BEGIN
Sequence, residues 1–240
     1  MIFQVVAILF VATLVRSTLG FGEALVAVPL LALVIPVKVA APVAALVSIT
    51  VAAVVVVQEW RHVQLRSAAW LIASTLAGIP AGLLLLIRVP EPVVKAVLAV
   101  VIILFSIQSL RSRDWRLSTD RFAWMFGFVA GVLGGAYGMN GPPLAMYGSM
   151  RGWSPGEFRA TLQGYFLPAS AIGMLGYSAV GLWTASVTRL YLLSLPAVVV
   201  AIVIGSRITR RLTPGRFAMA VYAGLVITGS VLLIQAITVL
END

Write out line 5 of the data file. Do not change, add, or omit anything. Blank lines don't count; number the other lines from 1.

   151  RGWSPGEFRA TLQGYFLPAS AIGMLGYSAV GLWTASVTRL YLLSLPAVVV